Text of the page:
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There’s no gold in the Arkansas hills, but cryptocurrency developers are staking their claims in the state, drawn by cheap electricity and open arms from economic developers.
The progress of three multimillion-dollar bitcoin mining projects in Newport contrasted with Pine Bluff’s recent rejection of a proposed hub in a residential environment offering a local example of the prospects and perils cryptocurrency entrepreneurs face in a new and hotly debated industry.
United BitEngine, Juice Tech and GMI Computing have all announced plans to open cryptocurrency mining service centers in Newport this year and in early 2023, and United BitEngine quietly started operating a hub in Conway County in June. Juice Tech, which has a bitcoin hub operating near Dallas, is also installing centers in Walnut Ridge and near the State Fairgrounds in Little Rock.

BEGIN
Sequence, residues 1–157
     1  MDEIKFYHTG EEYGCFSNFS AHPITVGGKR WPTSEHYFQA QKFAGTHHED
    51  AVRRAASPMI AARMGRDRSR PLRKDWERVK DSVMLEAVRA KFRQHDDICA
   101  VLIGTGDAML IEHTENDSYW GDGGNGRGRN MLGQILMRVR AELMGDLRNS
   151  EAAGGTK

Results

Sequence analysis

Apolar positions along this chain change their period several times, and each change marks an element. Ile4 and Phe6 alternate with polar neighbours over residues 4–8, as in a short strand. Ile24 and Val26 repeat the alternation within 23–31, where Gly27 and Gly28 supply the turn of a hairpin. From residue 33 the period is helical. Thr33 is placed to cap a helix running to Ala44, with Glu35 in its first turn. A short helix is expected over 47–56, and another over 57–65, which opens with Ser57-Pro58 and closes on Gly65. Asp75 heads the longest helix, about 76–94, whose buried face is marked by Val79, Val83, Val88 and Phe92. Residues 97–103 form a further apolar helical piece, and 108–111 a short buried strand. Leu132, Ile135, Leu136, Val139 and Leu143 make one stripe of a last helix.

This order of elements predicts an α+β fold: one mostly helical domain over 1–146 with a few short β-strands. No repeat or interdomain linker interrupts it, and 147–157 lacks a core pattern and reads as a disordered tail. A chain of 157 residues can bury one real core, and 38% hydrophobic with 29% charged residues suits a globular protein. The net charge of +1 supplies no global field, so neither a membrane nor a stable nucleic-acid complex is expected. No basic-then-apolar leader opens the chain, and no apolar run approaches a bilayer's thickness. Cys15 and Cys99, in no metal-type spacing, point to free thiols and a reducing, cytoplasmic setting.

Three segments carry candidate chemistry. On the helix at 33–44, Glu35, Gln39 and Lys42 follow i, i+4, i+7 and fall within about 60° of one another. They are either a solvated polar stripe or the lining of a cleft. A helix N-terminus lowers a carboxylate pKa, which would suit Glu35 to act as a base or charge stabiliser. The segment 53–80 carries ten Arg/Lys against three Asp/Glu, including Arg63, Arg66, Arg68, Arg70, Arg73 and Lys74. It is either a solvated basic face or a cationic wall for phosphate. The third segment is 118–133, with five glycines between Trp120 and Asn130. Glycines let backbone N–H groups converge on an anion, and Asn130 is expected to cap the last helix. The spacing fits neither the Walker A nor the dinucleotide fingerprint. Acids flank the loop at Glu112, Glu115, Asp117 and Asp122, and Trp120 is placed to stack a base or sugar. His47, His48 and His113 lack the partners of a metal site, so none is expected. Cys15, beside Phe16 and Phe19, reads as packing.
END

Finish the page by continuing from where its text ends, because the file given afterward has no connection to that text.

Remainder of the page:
“Our real business operation is in Arkansas,” said Scott Yu, CEO and president of United BitEngine, which is chartered in Delaware. “We have the project that’s already in operation, and we have the project going in Newport,” expected to start operation in the fourth quarter. He declined to say where the Conway County hub is, but the Morrilton Planning & Zoning Commission approved a site plan in May for a project near an Entergy Arkansas power substation west of downtown. Mayor Allen Lipsmeyer described it to KVOM-FM as a million-dollar investment.
Entergy, the state’s largest power company with more than 700,000 customers, will be the power supplier to all the Newport projects, the United BitEngine site in Morrilton and all three Juice Tech centers.